OCD and Hoarding

If you suffer from OCD and suffer from compulsive hoarding, you will know exactly what I am speaking of.

The obsessive thoughts of not having what you will need one day, “what ifs” and other scary thoughts fill your mind, to the point of paralyzation..

You find yourself keeping everything, just in case, you might need it again. The truth is that this behavior is very compulsive, time consuming, costly and very un-attractive to say the least. If you are ready for a change, here are some ideas to get you there.

Recognize that being a pack rat stems from a fear of not being able to provide adequately for yourself &/or family in the future. We hold onto things because they ‘may come in handy someday’. Let go of that fear.

Recognize that being a packrat is not budget-friendly. How many times have you bought multiples of the same item because you couldn’t find something you bought earlier in the year? It does you no good to squirrel things dozens of things away if you can’t find them when you need them.

Spend a few minutes every day paring down your belongings. If you don’t love it, toss it! Better yet, donate it to someone who could really use it. Stop piling up things for a yard sale you know you’re never going to host. Get rid of it!

Put a weekly entry on your calendar for a trip to a thrift shop donation center. If you block out time on each Wednesday on your way to work, or on the way to your Bridge Club meeting, you can get things out of your house on a weekly basis.

Read and immediately recycle your newspapers, magazines, mail, and notices that come home in the kids’ backpacks. Never keep more than two issues of any publication around. You can keep the current issue and the last issue. If you have not read these by the time the next issue comes, you are never going to read them, so recycle them now.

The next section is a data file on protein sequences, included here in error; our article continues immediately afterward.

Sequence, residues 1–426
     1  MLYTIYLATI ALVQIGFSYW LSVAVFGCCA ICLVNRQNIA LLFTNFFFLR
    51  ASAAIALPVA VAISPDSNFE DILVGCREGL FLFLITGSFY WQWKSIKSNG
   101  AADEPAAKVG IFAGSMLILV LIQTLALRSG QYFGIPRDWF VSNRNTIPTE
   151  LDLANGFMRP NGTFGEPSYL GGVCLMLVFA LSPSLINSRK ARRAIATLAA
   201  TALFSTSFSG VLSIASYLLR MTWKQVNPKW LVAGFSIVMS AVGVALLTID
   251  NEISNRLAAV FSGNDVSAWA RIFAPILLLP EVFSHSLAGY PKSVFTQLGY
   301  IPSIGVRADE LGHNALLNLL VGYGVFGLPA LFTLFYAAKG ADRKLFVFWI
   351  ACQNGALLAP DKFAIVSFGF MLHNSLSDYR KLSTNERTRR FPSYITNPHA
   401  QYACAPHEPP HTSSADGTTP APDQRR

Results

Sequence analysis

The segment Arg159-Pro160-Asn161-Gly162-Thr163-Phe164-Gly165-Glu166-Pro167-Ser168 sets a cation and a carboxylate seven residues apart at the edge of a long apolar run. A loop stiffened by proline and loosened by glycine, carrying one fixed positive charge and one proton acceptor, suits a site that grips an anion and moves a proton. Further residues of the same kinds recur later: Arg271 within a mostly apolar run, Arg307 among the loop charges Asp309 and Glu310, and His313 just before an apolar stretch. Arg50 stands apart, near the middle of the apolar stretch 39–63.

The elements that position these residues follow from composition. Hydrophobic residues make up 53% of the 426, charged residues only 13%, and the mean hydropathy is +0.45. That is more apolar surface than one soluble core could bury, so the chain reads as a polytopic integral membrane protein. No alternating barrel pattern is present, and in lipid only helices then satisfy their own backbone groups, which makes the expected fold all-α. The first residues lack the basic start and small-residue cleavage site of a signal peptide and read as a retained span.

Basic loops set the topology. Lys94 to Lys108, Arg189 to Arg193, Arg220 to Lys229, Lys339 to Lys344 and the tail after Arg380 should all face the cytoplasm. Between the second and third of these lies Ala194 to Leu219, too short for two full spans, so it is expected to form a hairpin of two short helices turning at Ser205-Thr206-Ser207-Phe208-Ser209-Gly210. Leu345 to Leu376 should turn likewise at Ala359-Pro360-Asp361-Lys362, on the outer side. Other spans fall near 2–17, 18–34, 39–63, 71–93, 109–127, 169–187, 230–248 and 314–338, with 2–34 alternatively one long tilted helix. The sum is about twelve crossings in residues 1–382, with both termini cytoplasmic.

Get into the habit of only handling paperwork once. If it needs to be filed, do so. If it needs to be signed and returned, do so. Keep your calendar near your ‘checking’ station so you can write down important dates and then toss the paper clutter!

Get into the routine of circling the house once before bedtime to put away or throw away everything which is out of place.

Embrace the idea of ‘A place for everything and everything in its place’. When your things are organized, you can find them more easily and are less likely to purchase duplicates. If you don’t have a good place for something, you should evaluate whether you really love and need the object, or whether someone less fortunate would be better off owning it.

Share with neighbors. Do you really need a cappuccino maker for that once a month special coffee you like to make? Maybe you can borrow what you need when you need it and then let her do the same.

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